Slow cranking can also be caused by undersized battery cables. Some cheap replacement cables have small gauge wire encased in thick insulation. The cables look the same size as the originals on the outside, but inside there is not enough wire to handle the amps.

If the headlights continue to shine brightly when you attempt to start the engine and nothing happens (no cranking), voltage is not reaching the starter. The problem here is likely an open or misadjusted park/neutral safety switch, a bad ignition switch, or a faulty starter relay or solenoid. Fuses and fusible links should also be checked because overloads caused by continuous cranking or jump starting may have blown one of these protective devices.

If the starter or solenoid clicks but nothing else happens when you attempt to start the engine, there may not be enough amps to spin the starter. Or the starter may be bad. A poor battery cable, solenoid or ground connection, or high resistance in the solenoid itself may be the problem. A voltage check at the solenoid will reveal if battery voltage is passing through the ignition switch circuit. If the solenoid or relay is receiving battery voltage but is not closing or passing enough amps from the battery to spin the starter motor, the solenoid ground may be bad or the contacts in the solenoid may be worn, pitted or corroded. If the starter cranks when the solenoid is bypassed, a new solenoid is needed, not a starter.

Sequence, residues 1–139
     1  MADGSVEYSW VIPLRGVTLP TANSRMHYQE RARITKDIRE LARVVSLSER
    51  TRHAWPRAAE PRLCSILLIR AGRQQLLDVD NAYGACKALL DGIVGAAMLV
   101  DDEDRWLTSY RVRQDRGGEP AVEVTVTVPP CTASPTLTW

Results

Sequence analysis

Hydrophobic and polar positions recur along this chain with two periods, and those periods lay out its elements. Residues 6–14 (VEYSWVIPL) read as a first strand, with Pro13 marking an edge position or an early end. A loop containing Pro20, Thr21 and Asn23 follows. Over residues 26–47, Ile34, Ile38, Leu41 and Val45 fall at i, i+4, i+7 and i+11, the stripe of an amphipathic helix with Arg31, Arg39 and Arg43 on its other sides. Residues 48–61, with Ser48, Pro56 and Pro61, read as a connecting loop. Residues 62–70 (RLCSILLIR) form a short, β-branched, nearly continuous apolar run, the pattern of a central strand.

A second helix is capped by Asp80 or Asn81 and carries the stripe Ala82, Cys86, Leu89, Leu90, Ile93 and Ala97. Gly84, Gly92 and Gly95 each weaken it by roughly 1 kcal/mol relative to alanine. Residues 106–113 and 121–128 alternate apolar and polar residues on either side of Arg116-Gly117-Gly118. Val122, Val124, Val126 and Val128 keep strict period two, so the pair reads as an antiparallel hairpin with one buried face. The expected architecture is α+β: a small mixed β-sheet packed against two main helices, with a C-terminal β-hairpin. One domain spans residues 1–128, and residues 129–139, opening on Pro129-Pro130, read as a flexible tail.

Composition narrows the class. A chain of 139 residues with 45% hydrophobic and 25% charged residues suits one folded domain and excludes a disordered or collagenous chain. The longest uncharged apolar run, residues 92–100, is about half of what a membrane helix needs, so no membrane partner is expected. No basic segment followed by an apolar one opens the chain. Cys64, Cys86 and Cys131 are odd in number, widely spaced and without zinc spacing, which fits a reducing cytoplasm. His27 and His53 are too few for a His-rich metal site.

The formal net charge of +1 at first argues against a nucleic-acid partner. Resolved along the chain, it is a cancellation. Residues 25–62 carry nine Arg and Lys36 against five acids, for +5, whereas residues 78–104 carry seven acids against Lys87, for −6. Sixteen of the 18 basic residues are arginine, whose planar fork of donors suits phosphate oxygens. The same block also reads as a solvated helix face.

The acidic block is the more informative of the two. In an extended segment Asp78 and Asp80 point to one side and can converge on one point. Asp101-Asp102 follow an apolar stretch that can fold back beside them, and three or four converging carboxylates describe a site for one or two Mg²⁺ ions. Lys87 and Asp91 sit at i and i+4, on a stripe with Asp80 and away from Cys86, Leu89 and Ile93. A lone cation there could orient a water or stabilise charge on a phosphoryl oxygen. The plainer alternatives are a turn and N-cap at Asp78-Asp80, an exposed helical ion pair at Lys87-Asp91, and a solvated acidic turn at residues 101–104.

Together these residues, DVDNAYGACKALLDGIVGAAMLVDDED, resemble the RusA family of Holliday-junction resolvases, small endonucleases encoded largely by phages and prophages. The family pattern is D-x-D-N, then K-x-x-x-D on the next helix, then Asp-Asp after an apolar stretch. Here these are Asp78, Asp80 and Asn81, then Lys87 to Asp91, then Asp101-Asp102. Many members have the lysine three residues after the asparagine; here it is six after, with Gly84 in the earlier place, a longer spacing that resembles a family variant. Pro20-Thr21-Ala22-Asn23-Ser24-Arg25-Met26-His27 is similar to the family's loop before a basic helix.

Most engines need a cranking speed of 200 to 300 rpm to start, so if the starter is weak and can't crank the engine fast enough to build compression, the engine won't start. In some instances, a weak starter may crank the engine fast enough but prevent it from starting because it draws all the power from the battery and does not leave enough for the injectors or ignition system.

If the lights dim and there is little or no cranking when you attempt to start the engine, the starter may be locked up, dragging or suffering from high internal resistance, worn brushes, shorts or opens in the windings or armature. A starter current draw test will tell you if the starter is pulling too many amps.